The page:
Whatever your faith tradition, I invite you to stand with Unitarian Universalists and other liberal religions besieged by hate-filled rhetoric that can trip so easily from violent words to violent deeds. Stand with us against those who would destroy the concept of religious freedom, those who invade and desecrate sacred worship space, who terrorize children and adults with their malice.

Stand with us on the side of love.

Keep the Faith

source-of-life1

This morning I tended to my garden and that of an elder neighbor. Walking back into my home for a second cup of coffee, I realized that I felt more like a grounded, alive human being than I have in a while. In the past few weeks, the phone has rung repeatedly, bearing news of grief and sorrow or rage at yet another systemic injustice personally harming a beloved. So many people and so many places suffering all at once… And so I have remembered to return to the garden, to keep faith with the source of life, as I continue to live and minister in this beautiful, wounded world.

I hold this sustaining wisdom from Rebecca Parker (Blessing the World: What Can Save Us Now) in my heart and I share it with you today.

To keep faith with the source of life, knowing that we are not our own and that Earth made us; to keep faith with the community of resistance, never forgetting that life can be saved from that which threatens it by even small bands of people choosing to put into practice an alternative way of life; and to seek and even deeper awareness of that which springs up inwardly in us. Even when are our hearts are broken by our own failure or the failure of others, even when we have done all we can and life is still broken, there is a universal love that has never broken faith with us and never will.

 

Love is the Boss of Me

Recently an organizer asked for a meeting and I went to pull out my phone to check my calendar. “My calendar is the boss of me,” I joked. She looked at me oddly, but said nothing. And in that nothing I heard the strangeness, the madness of what I had just said.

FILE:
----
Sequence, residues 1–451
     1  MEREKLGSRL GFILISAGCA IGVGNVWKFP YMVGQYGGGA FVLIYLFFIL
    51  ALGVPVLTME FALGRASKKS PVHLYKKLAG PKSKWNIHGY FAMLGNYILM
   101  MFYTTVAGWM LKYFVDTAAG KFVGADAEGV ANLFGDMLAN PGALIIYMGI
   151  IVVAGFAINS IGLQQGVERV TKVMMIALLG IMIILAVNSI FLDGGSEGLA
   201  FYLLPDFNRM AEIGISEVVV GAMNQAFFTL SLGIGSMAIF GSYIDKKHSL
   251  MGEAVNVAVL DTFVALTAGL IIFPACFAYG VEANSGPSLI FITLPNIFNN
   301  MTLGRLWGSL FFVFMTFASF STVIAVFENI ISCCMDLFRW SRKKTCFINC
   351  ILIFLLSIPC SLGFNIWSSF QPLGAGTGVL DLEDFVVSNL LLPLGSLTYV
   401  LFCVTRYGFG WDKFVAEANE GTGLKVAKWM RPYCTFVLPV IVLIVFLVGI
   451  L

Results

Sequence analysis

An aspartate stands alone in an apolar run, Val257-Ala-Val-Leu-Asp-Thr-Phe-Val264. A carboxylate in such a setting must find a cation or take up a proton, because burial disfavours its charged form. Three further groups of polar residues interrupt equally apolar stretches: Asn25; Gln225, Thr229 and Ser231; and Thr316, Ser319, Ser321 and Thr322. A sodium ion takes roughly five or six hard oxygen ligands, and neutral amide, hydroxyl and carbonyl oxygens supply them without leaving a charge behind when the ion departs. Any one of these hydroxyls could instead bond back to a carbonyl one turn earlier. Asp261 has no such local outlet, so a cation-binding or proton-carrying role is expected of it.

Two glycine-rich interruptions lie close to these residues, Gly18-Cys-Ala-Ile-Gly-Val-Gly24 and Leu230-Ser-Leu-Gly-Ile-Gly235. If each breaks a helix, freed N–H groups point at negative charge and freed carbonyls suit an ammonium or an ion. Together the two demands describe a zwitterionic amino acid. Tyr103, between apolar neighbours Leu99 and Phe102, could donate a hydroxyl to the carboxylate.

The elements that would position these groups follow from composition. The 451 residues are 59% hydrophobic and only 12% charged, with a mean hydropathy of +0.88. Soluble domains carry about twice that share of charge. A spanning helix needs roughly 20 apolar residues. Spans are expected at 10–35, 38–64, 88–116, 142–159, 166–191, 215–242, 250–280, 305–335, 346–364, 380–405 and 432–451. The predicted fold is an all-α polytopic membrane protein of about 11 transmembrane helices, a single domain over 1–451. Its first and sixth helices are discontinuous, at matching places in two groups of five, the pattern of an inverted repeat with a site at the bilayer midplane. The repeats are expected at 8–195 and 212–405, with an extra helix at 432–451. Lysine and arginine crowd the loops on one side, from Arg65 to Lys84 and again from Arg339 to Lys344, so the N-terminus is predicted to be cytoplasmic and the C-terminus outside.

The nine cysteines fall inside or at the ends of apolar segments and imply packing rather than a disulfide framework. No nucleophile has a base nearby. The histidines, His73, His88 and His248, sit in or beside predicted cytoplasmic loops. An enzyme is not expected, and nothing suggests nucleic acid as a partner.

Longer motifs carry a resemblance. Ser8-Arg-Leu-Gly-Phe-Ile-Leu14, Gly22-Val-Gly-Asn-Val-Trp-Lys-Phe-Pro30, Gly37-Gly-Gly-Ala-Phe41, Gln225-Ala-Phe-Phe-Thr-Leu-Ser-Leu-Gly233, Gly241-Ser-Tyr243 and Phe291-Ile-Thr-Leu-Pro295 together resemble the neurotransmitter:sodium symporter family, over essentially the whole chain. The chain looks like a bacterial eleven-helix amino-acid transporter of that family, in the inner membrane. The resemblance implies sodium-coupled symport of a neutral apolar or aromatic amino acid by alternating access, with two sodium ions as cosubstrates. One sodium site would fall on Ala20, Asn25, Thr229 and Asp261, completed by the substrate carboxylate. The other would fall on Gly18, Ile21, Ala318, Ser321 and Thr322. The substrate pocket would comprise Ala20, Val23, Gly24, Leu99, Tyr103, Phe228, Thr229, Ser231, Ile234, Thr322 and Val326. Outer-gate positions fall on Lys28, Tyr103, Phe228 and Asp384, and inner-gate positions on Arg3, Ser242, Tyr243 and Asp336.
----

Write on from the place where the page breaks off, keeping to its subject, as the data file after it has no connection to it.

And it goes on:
I am not sure what she was thinking, but here is what I have been thinking since that awkward moment. A calendar serves as the representation of and reminder about the commitments I have made for and with my life energy, with my love. Just as a glance at your checkbook or credit card statement can give you insight into where you commit your financial energy, a calendar can be a window of insight into life values.

What a calendar probably should not be, and should not be thought of as, is the boss. Just as my checkbook and my credit card – while requiring true mindfulness – should not be the boss of me. I do not serve as a minister in the name of a calendar or a bank account. Those are important tools for sustaining my ministry, no doubt. They cannot be the source of my call.

I serve in the name of love. Love for the world that is and the world that can be. Love for the wonder of creation and respect of destruction. Love for a faith community that meets us where we are and doesn’t leave us there. Love for you. Love for me.

It is easy in the days of overloaded calendars and underloaded bank accounts to forget. And it absolutely matters that we remember.

In 1951, Universalist mister Albert Ziegler wrote: “It may be that we have lost sight of our mission. Primarily, the church is not for social or political pronouncements, nor for the fashioning and dissemination of erudite philosophical doctrines. It is for the generation of love. The church is the only institution in society so purposed. We strike at the heart of our very purpose for existence when we neglect that major aim.”